False alarm ordinance introduced in Putnam County

Published: Dec. 13, 2016 at 6:46 PM EST
Email This Link
Share on Pinterest
Share on LinkedIn

PUTNAM COUNTY, W.Va. (WSAZ) -- Accidentally setting off your home security alarm can happen to anyone as they leave their home, but in Putnam County, if it happens too often you could face fines.

A new ordinance introduced will fine homeowners and businesses that officers respond to for false alarms more than three times in a 12 month window.

Hamm Gresham lives in Putnam County and his against such an ordinance.

"You know I make a mistake and open up the door, and close it but that shouldn't be my fault," Gresham said.

"This is just becoming an ongoing issue with the county," said Richard Pullin with the Putnam County Fire Service Board.

Pullin says the new ordinance is needed because first responders are too often getting tied up on false alarm calls. Pullin says in the 2015-2016 fiscal year Putnam County officials recorded 704 false alarms. Putnam County Sheriff Steve Deweese says his office sees about three false alarm calls a day.

"We're just getting to an age now where alarm systems are common," Pullin said. "They're very normal out there in the system. The issue that comes along with these systems is maintaining them. It's keeping them up to date, it's addressing any faulty equipment issues with them, and what we're finding is those issues aren't being addressed."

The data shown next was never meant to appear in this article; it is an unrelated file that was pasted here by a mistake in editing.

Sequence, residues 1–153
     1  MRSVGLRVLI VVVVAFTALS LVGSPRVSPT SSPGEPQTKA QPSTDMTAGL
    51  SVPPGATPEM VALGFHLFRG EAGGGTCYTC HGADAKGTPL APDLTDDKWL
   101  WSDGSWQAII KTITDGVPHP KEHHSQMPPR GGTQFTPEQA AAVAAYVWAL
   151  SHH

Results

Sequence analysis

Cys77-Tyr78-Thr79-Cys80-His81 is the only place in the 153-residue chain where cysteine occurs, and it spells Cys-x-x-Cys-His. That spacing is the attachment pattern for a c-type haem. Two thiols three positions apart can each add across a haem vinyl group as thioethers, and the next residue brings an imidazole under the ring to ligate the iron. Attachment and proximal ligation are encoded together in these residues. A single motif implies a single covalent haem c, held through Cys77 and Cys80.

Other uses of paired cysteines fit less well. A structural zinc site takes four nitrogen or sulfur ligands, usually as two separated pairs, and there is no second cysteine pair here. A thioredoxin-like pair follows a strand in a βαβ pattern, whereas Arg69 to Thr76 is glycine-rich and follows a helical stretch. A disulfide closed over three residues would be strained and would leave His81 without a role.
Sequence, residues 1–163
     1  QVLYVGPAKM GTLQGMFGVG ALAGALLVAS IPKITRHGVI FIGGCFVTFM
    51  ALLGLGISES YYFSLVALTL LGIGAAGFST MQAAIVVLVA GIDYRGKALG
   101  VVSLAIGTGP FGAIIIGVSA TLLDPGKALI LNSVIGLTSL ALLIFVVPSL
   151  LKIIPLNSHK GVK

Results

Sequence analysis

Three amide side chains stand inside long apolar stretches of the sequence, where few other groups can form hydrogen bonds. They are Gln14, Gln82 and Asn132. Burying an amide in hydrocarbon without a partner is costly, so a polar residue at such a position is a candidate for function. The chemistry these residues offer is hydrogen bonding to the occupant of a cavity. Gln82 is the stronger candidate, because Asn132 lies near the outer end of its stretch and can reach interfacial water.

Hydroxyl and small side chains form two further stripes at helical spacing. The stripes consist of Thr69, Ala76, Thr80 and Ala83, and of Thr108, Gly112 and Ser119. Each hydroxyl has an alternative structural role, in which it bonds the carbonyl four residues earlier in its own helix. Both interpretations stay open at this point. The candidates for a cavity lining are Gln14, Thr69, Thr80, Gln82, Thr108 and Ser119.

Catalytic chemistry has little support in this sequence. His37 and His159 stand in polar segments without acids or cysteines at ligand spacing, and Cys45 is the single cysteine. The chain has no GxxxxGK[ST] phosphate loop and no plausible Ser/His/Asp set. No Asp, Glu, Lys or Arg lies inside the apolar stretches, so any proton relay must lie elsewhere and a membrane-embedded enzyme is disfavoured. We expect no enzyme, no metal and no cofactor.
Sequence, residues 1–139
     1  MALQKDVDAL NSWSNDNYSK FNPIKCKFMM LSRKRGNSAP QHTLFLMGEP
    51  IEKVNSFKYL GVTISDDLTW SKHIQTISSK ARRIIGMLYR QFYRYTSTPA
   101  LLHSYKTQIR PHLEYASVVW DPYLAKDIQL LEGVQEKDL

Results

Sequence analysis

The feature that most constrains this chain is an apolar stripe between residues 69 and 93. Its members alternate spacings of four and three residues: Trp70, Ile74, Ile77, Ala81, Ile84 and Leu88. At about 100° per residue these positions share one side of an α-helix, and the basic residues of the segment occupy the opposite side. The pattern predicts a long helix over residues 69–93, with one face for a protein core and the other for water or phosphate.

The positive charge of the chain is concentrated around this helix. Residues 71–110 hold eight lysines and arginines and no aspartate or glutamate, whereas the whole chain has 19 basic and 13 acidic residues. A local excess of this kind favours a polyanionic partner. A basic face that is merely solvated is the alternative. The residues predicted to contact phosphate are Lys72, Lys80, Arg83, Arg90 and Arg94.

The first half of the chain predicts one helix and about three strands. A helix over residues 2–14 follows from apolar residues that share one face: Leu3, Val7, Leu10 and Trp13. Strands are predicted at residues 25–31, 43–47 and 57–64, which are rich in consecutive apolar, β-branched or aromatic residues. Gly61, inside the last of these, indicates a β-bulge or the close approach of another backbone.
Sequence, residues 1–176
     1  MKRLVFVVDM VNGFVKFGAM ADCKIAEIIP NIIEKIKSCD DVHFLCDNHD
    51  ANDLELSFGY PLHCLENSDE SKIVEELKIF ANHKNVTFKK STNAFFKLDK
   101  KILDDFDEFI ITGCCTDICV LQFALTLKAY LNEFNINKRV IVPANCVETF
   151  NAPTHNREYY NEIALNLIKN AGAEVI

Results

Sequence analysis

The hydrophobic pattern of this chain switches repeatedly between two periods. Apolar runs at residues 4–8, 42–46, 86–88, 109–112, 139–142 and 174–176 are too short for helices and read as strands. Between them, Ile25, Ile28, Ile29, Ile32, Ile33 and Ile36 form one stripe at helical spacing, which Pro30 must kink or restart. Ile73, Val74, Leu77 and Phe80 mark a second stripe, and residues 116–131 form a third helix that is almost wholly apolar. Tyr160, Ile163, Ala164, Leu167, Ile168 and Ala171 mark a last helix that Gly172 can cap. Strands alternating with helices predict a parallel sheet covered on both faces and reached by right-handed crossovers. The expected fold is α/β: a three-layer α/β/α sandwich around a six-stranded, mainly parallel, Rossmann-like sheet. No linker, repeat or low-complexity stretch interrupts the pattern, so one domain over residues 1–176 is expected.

The first two false alarms are free, but after the third call is a $50 fine. A fourth costs $100, five will cost you $200 and six and more will cost $300.

"We're after chronic offenders that have alarm systems that they would rather not maintain rather than have the system working properly," Pullin said.

"I don't think it's fair to charge the homeowner for a false alarm when I pay the monthly fee for the security system," Gresham said. "Then the security company ought to be the ones to be fined."

Officials say as long as a false alarm call is cancelled before someone gets on scene, the call will not count against you. The ordinance goes into effect Feb. 1.